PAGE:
For it's third iteration Place, Space and Identity has commissioned six projects that will engage the people of Stoke-on-Trent, celebrating their many identities, and honouring the places where they live. The programme will include workshops, installations and artworks that will challenge people's perceptions of the city and transform unused spaces in the area.
I was given Winton Square as my location. My work took the form of a raised deck, accessible via a pair of staircases, surrounding the bronze statue of Josiah Wedgwood.
The purpose of the work was twofold:
1. Of the people I spoke to during a consultation day in the square opinion was divided about the statue and whether we should honour Wedgwood. Some held him in high regard and as a fine symbol of Stoke-on-Trent's heritage, others felt that he had caused harm to the city through industrialisation. By putting people on the same level as the statue they can have a more personal relationship: those that like and respect him can get closer to him, those that do not are now not being looked down on - or having to look up to him.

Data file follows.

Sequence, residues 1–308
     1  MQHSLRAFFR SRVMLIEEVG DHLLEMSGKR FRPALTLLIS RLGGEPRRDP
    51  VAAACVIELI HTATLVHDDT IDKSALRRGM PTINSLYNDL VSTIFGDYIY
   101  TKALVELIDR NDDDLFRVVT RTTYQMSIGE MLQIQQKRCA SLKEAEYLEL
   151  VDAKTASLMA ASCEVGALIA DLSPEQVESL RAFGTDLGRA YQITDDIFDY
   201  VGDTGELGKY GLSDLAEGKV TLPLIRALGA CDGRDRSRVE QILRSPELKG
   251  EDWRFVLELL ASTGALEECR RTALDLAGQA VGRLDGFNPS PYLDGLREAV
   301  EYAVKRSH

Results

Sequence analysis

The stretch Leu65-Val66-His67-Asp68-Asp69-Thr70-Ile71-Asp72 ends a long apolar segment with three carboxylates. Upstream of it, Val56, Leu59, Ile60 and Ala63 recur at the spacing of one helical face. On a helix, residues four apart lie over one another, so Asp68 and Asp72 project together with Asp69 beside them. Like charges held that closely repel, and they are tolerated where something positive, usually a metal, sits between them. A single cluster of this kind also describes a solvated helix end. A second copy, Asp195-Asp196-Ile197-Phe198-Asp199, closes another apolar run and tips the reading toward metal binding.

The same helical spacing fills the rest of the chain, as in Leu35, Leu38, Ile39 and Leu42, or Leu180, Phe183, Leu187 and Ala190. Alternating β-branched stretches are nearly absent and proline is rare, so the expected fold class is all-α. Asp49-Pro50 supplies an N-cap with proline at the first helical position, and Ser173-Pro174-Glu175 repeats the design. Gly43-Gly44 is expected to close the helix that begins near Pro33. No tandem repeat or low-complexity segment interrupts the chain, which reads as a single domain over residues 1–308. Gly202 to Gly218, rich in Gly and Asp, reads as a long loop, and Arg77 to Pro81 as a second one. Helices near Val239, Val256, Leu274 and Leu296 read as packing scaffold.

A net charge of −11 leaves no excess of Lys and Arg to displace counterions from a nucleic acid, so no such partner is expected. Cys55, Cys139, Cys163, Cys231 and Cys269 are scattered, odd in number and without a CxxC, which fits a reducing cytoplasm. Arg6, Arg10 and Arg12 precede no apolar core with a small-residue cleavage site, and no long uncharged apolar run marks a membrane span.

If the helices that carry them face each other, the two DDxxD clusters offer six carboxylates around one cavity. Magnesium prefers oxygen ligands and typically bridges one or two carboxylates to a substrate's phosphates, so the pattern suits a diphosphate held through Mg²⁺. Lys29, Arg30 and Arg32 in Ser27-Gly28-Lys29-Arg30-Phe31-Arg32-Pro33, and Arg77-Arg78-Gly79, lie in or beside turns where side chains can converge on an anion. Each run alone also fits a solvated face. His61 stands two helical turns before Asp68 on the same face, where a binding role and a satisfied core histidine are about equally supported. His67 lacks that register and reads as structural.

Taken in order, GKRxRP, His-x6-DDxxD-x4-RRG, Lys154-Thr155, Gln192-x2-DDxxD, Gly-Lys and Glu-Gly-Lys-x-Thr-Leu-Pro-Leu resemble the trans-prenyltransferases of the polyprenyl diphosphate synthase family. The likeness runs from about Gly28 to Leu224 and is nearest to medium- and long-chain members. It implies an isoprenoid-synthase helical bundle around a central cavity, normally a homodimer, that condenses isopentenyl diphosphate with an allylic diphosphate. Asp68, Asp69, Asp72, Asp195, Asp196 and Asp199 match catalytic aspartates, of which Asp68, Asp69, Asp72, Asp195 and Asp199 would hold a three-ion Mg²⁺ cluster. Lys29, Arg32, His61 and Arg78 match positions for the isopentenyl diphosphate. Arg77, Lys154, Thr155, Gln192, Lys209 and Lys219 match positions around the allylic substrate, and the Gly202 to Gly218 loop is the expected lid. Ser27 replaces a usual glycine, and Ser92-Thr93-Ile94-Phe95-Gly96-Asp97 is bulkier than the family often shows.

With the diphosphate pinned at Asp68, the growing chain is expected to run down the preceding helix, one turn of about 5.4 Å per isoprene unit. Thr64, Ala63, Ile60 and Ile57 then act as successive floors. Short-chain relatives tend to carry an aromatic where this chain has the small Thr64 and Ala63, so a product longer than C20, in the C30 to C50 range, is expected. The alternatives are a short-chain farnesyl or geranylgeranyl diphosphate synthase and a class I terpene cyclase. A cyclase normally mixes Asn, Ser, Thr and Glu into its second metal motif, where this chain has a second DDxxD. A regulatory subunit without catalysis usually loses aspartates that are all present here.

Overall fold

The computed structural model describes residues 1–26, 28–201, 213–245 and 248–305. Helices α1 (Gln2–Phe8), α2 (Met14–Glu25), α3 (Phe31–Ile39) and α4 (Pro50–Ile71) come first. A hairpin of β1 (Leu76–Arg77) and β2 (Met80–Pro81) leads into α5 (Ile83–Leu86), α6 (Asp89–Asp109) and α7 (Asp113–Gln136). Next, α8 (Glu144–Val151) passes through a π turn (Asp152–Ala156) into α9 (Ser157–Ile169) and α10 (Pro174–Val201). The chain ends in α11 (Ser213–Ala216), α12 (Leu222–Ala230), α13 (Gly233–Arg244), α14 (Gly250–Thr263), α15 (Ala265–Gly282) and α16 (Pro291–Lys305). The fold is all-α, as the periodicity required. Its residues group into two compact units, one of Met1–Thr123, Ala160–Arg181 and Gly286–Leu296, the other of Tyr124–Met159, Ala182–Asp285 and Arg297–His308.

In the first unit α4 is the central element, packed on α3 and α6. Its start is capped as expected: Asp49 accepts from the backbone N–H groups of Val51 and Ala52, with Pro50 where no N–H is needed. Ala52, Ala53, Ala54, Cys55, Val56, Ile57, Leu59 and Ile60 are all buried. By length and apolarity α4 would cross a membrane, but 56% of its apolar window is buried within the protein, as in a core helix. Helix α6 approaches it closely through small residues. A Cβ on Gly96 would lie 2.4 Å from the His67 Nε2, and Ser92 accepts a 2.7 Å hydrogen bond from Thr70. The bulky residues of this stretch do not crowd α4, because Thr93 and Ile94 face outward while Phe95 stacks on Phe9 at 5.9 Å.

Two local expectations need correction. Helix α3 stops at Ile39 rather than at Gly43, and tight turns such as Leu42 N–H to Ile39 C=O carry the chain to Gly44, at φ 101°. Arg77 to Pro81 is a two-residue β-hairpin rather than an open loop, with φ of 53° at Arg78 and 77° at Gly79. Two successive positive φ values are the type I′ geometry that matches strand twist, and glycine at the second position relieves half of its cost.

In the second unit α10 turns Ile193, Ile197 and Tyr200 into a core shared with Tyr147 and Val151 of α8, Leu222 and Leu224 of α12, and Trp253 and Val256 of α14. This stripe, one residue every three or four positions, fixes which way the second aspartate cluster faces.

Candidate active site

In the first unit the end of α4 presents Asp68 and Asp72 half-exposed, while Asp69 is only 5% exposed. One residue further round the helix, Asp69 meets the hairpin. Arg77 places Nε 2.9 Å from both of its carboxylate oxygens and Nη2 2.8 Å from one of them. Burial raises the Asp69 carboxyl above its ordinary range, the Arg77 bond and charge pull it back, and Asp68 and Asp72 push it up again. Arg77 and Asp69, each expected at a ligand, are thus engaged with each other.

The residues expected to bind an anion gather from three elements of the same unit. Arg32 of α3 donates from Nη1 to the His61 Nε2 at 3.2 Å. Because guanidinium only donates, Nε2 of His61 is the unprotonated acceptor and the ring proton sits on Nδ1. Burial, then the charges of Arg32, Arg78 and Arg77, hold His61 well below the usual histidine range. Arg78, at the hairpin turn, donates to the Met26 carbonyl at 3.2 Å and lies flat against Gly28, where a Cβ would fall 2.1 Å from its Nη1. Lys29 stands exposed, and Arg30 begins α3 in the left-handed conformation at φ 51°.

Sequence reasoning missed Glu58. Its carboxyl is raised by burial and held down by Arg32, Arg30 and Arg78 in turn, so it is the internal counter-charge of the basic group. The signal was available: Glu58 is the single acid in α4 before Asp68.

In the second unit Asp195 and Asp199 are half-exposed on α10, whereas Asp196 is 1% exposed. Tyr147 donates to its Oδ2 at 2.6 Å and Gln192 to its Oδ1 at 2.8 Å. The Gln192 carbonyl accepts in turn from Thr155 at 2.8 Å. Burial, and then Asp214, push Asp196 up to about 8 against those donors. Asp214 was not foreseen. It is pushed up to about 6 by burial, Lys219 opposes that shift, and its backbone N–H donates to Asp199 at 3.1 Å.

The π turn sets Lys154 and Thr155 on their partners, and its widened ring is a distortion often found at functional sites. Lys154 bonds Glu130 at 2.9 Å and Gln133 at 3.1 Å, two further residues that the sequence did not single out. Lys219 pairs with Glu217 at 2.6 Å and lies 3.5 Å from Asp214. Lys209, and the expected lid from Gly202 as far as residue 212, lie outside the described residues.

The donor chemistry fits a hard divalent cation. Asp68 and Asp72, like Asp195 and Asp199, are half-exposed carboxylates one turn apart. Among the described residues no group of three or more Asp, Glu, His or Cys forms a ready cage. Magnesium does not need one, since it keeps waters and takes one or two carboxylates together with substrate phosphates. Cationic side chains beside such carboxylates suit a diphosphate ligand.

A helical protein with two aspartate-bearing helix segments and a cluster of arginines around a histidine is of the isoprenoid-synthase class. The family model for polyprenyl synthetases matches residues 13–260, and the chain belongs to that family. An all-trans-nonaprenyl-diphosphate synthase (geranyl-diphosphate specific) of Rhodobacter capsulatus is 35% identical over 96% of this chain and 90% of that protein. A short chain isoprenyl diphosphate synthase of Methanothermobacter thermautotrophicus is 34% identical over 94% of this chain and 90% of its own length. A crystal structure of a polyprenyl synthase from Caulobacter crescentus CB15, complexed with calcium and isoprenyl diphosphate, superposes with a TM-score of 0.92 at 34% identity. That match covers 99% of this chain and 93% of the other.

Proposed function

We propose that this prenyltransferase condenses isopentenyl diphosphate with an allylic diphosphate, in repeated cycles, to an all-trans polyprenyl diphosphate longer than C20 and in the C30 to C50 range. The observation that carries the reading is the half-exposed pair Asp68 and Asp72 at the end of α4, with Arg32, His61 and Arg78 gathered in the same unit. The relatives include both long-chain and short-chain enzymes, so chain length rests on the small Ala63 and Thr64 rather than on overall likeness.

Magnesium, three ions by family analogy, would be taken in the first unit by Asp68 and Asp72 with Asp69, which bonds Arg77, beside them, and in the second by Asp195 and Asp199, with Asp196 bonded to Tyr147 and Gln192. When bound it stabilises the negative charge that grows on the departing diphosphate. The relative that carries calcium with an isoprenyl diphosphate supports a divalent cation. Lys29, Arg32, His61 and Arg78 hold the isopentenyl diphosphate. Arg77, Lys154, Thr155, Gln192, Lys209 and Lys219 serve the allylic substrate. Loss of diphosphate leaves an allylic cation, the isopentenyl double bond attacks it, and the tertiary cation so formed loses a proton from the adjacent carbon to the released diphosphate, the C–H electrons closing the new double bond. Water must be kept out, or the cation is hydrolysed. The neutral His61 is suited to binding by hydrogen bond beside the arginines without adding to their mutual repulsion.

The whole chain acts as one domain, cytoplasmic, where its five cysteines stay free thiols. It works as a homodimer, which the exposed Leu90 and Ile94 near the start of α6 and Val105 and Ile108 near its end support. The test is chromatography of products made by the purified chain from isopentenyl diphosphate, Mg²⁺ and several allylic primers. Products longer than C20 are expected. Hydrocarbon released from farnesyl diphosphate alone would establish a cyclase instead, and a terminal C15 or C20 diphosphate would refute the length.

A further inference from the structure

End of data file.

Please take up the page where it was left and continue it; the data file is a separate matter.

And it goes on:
2. Many people expressed the opinion that the square was not a very nice place to sit - it could do with more greenery and less cars were the suggestions. The deck area behind the statue is a new square - fake-turfed and planted - elevated above the traffic and placing people amongst the trees and the architecture.
Platform 4 looked at the place, space and identity of Winton Square, offered the visitor the unique opportunity for a very personal audience with Stoke-on-Trent's most famous son, and revived a public space by taking a new perspective on a once beautiful location.
Scaffolding, mesh, fake turf, plants, existing statue